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Over at Celine, Philo “wears the pants” with a starkly luxurious leather T-shirt, befitting the investment pricetags and her own intention to clear the decks design-wise this season. So it’s all neutral nuances, the only softness coming from soft white cotton pieces paired with severe dark leather. And her night-time is the right time for a tall-drink-of -water slinky cooler.

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MacGibbon’s collection (her second) for Chloé puts her tomboy spin on these same design codes. Personally, if I never hear the term “boyfriend jacket” again, it will be too soon. But that’s her opening gambit, followed by L.L. Beanery: couture workshirts, hunting-worthy stirrup pants, foul-weather Macs and, in an Nottingwood Forest detour, wool capes.  For spring. It all seemed pretty dark and stormy until, at last, the sun broke blazingly through, in delicate white flounced dresses (that could easily go toe-to-toe with anything Karl ever did for Chloé). With kitten heels no less.

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LA: Week No More
October 8, 2009

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Well they’ve rolled up the runways at Fashion Week in New York, London and Paris. So it must be time for the latest dysfunctional slot on the global fashion calendar – Fashion Week(s) Los Angeles, which this year is ridiculously almost a whole month long. That’s our Mayor, Antonio Villaraigosa, above at right, with LA garment titan Max Azria at the Spring 2010 kick-off press conference earlier this week.

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The appearance of Mr. Azria by the mayor’s well-dressed side (dig the pink tie!) only underscores the Emperor’s-New-Clothes conundrum of attempting a Fashion Week in LA. You see, for each of his three LA-based lines – BCBG, Hérve Léger by Max Azria and Max Azria (seen above), Maven Max produces a separate fashion show – in New York.  And any other Los Angeles designer, from the young social to the avant garde, from Monique Lhiullier to Jenni Kayne, from Juan Carlos Obando to Elise Øverland, who wants their clothes to be seen by the outside world likewise follows suit (and dress) forthwith to Manhattan to show their collection.

But nature, and fashion – however dubious – abhor a vacuum and that’s where Los Angeles comes in. Up until a year ago, New York Fashion Week powerhouse IMG produced LA Fashion Week as well, in tandem with the local Smashbox-Studio-owning brothers Factor, Dean and Davis. It was a tortured alliance – originally IMG rolled into town and centered its effort downtown, with a tent and showings at the Standard Hotel.  The Factor boys, however, bristled against the slick NYC “carpetbaggers” and set up a competing venue … way out yonder at their inconveniently located Culver City HQ. After an especially rancorous season, (it was impossible to get back and forth between the two show sites) both sides called a truce and entered into a marriage of supposed fashion convenience by walking down the aisle back to Smashbox.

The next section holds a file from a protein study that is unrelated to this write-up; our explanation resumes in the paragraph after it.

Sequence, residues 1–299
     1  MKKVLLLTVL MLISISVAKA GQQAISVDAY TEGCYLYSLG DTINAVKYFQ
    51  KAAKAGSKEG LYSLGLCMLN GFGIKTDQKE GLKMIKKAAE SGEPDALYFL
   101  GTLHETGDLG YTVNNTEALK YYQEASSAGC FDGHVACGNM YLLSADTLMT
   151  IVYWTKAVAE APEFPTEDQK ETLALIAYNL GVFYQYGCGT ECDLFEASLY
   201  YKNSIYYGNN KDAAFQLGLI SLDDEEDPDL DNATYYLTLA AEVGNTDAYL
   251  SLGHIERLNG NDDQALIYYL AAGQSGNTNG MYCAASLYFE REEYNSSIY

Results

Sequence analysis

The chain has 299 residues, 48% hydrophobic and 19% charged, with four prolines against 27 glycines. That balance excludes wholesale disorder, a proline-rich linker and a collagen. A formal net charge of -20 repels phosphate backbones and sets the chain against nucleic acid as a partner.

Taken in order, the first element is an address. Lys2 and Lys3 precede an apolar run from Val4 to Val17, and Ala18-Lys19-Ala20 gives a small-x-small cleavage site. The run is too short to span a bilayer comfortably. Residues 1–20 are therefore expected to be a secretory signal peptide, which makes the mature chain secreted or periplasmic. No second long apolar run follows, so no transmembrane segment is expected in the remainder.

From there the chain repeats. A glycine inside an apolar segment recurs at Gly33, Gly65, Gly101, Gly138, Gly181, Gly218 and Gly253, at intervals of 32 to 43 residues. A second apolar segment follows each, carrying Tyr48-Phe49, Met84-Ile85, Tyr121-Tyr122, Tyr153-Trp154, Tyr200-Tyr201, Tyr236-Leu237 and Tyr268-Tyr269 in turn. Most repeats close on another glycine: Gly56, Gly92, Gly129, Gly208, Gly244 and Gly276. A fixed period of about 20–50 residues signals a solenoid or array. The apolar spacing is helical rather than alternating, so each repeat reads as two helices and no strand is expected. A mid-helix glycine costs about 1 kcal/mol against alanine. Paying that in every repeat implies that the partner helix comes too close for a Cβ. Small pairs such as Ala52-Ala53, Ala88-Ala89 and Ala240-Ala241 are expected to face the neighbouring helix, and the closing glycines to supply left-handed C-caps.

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It wasn’t pretty. The shows went off OK for several seasons, such as they were, but often attracted more partiers for the free booze than professionals parsing the hemlines. The show spaces were roomy but the common area in between was a crowded free-for-all, especially when they crammed in the bars, the D-list celebs and the de rigueur Mercedes from the show’s sponsor. And Smashbox, in a desolate industrial area, had no surrounding amenities like downtown had; instead there was a parking nightmare of pricey valet fees and interminable waits.  IMG, which produces Fashion Week in NYC, Miami, Moscow and even Mumbai, finally admitted defeat after five years in LA and pulled the hell out. Somewhat surprisingly, so did the once-scrappy Factors, who said they’d be back when the economy brightens up.

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Into the abyss this season comes first, from October 13-15, Downtown LA Fashion Week, headquartered at the Geffen Contemporary at MOCA, which debuted last year with a single show – of vintage fashions from Decades (above). Running three nights this season, it will include an emerging designers show (the winners of something called the Angel awards from the city, who were already announced at the press conference…we love our awards in LA!). Also on tap, a group show of designers from Israel, a return to the runway from hometown hero Louis Verdad and yet another vintage benefit show, this time from Paper Bag Princess, honoring Valentino, The Last Emperor, which since it came out six months ago seems a bit of a vintage idea as well.

Following that, and new this season are two other venues -from October 17-18, LA Fashion Weekend in Hollywood at Sunset Gower studios from local producer Mikey Kaufmann; and from October 29-31, Rock Fashion Week from NYC-based Rock Media, which recently absorbed Gen-Art, and taking place at Paramount Studios. In between there are single shows, pop-up openings, store launches and, yes, Halloween! It’s a dizzying mash-up and really what’s the purpose?  Aside from the loyal local press, there’s no real coverage or attendance by anyone outside the LA fashion bubble. The city touts a $50 million benefit to LA, but that comes from buyers in town for market week and trade shows, not the endless succession of these runway shows, many of which are for “designers” we may never hear of again. But then again, why confine LA Fashion Week to a mere month?  We could be patting ourselves on our bronzed backs all year long.

Coco
September 15, 2009

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Doesn’t that picture make your heart stop a little? Last week brought a real treat – I was invited to a premiere screening of Coco Before Chanel, the story of her life before she found her fame and fortune as a designer (the still, above, is from the end of the film). From the opening sequence at a orphanage where she and her sister are abandoned – and where the nuns’ severe black habits and starchy white wimples foreshadow Chanel’s own eventual aesthetic – through her years at a dance hall and later as the scheming but ultimately irreplaceable guest of her country-squire patron, director Anne Fontaine provides one gorgeous scene after another. And if that’s not enough for fashion fans, Coco’s Parisian triumph at the end of the film is staged with rare pieces from the Chanel conservatory.

0002791f10drBut the movie is much more than a fever dream – Audrey Tatou perfectly embodies Coco’s rebellious nature and particularly French prickly personality but charms you all the while. Introducing the film, Fontaine said she would “be a little sad” if the audience didn’t like the film. No chance of that when the movie opens later this month.